In a desperate move to appease her, I gave her my own glasses to wear and triumphantly stumbled my way out of the store with a smiling Badoo in tow. I walked into a pole and insisted she give me back my glasses. She quickly consented, mainly because she realised she couldn't see anything while wearing them. What a pair we made.

I love that little Badoo. She's full of charisma and joie de vivre. She lights up a room with her party-light smile and she dances on tables as she walks up the street. She is loved wherever she goes.

Oh, she gets under your skin that one. Just not always in a good way...

Got any management tips for threenagers?


Dear Agony Aunts: The Looming Cabinet

I have an ethical dilemma that I am struggling to work through.

Every now and then you find yourself in a situation that's just a doozy with too much to work through on your own. This morning I thought 'I should write into one of those agony aunt columns for assistance' and then I realised that I had something much better on my side... the great blog community!

So, if you don't mind...

Here's the thing.

Months ago my boy was at a play date at a certain parent's house. About two days later I had the following conversation (shortened, so you don't fall asleep):

Me: Hello?

She: Oh, hi there Bron.  I just thought you'd want to know that when Maxi was here on Tuesday, he broke the cupboard door of our games cupboard. I thought you'd want to know.

Me: Oh? He broke a door?! He didn't say anything. How did it happen?

She: He was leaning on it when they had the door open to get the games out.

Me: So it was an accident?

She: No, not really. He was leaning on it. I'd consider him to be at fault.

Me: Well, he's six and to be honest, the 'leaning on cupboard doors' conversation hasn't really come up at our place before, so he wasn't to know that the door might break. What are you asking of me here? Do you want us to replace the hinges?

She: The thing is, it's an antique cabinet that was a wedding present. It's worth thousands of dollars.

{Pause while I quietly gag}

Me: Really? Oh my! {Pause} And you were storing kids' games in there?

She: Yes. It's in the living room... {Pause} I think we need to source the hinges from a specialist and then get a craftsman carpenter to fit them... if we can't find the hinges, I think we'll need to replace the cabinet. {Pause} Do you know of any hinge specialists?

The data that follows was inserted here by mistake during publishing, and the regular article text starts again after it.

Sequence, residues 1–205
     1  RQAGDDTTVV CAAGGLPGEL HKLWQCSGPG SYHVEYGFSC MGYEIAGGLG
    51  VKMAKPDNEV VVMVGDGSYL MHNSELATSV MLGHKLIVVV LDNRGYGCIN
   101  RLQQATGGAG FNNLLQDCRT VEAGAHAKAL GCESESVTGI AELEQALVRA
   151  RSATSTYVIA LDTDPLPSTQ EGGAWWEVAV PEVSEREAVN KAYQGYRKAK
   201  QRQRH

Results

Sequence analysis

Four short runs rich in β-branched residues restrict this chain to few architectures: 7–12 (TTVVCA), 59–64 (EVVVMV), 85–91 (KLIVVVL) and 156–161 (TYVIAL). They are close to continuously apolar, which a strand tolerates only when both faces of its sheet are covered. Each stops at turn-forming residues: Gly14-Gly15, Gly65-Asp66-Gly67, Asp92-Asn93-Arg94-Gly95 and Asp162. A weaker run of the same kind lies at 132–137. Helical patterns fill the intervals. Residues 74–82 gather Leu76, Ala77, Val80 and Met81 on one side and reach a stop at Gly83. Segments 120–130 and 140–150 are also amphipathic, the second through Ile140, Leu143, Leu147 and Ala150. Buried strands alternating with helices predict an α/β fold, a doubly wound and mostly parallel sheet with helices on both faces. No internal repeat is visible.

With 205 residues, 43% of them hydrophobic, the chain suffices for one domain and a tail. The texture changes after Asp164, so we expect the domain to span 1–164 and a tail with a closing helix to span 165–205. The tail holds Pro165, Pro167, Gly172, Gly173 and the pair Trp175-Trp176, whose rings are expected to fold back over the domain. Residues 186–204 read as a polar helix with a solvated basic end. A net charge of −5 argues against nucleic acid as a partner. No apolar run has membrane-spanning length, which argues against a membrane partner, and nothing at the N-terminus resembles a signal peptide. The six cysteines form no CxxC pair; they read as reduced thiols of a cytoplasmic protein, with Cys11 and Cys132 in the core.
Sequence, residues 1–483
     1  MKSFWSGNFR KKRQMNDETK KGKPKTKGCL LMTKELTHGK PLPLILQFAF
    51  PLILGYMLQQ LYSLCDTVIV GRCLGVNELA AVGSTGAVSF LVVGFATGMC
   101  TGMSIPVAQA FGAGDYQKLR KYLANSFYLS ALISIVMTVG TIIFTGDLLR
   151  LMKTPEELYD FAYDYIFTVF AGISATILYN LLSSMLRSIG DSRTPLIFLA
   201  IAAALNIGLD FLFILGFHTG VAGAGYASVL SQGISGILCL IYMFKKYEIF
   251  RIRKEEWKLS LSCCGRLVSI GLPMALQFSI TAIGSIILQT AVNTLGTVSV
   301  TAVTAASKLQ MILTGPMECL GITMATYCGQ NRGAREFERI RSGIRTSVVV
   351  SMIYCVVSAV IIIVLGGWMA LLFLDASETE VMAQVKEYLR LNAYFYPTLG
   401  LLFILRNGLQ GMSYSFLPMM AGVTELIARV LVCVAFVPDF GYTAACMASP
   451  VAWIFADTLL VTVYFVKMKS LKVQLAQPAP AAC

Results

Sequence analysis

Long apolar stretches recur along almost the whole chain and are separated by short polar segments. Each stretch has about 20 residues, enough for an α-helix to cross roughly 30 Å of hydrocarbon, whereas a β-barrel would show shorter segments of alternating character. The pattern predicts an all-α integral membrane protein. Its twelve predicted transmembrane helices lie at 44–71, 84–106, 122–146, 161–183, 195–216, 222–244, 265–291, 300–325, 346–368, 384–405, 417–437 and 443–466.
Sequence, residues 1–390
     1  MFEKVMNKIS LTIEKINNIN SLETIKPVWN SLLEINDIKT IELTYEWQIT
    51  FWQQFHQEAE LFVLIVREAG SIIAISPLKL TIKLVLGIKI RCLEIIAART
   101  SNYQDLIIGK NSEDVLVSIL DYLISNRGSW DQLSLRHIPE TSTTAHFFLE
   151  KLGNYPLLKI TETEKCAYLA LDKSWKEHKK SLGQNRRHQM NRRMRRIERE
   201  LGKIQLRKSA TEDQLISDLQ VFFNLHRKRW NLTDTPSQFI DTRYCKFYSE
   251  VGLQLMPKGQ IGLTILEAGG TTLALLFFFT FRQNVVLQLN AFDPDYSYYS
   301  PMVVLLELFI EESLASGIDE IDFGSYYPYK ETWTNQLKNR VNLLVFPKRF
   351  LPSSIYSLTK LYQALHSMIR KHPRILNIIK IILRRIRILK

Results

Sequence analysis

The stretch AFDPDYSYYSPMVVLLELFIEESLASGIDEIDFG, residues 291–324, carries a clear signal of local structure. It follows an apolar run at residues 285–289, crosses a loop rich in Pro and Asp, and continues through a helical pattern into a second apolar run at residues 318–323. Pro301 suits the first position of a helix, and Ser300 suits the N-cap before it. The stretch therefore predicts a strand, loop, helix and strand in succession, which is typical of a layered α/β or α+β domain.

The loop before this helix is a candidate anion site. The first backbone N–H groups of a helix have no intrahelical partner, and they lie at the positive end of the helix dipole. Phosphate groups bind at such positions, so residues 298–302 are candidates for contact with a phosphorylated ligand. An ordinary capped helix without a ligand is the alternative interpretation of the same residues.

Me: What? Oh, um... no... can't say I do. You know, it really does strike me as an accident waiting to happen storing kids' toys in a precious cabinet like that... But, um, gee, anyway you can see why I'm a bit taken aback by this phone call. Are you really just ringing to 'let me know'? What are you asking of us?

She: I don't know what I'm asking. I will need to think about it.

Me: Okay, well, have a think about it and let me know when you're ready. We can talk about it then.

It's been months and she hasn't mentioned it since, but whenever I see her around the place, the Expensive Cabinet Incident lurks in the background, waiting to pounce.

On Sunday Maxi went to a birthday party at her place and when I dropped him off, there stood the Expensive Cabinet, still full of games, minus doors. It was looming right in front of me, its presence so dominating I could hardly breathe.

Nothing was said. I felt incredibly guilty even though I don't really think I should have felt that way.

Was it an accident?
Should we have to pay to replace the cabinet when she was clearly negilent stocking it with kids' toys?
Who pays for accidents anyway?
Should I say something to her or wait for her?

[Image from here]


Sulking over servitude

I want to be the kind of mother who finds sweetness in servitude... but, alas, I am not. No matter how much I try to sweeten it up, the drudgery of housework, chores and routine just gets to me every single time.

Recently I've realised that this might actually be more of a problem than I think it is.

I've always known that an easygoing friendship with mess is critical when you're a mum of three. I'm an organised, mostly tidy sort of person but I've always had a reasonably high tolerance for disarray (you should see my car!) because I really don't like cleaning up very much.

All fine, you say. We're all a bit like that.

Well, lately I've found myself aborting family moments because I am already loathing the thought of cleaning up afterwards before life even happens.

No, you can't get the paints out.

No, I'm not getting you a kit with 1000 beads for your birthday.

No, you can't add water to the dirt.

No, you're not getting rice for dinner.

It's terrible! Where is my sweetness in servitude when I need it? Why can't I relish the paints and the beads and the mud and the rice and then feel great about cleaning up afterwards because I allowed my family good times and good meals? Can't I put their needs first and worry about my own, er, cleaning issues later? Do I need to just grow up or something?

Why aren't I feeling joy in serving my beloved family?

What the hell is wrong with me?


[Image via weheartit]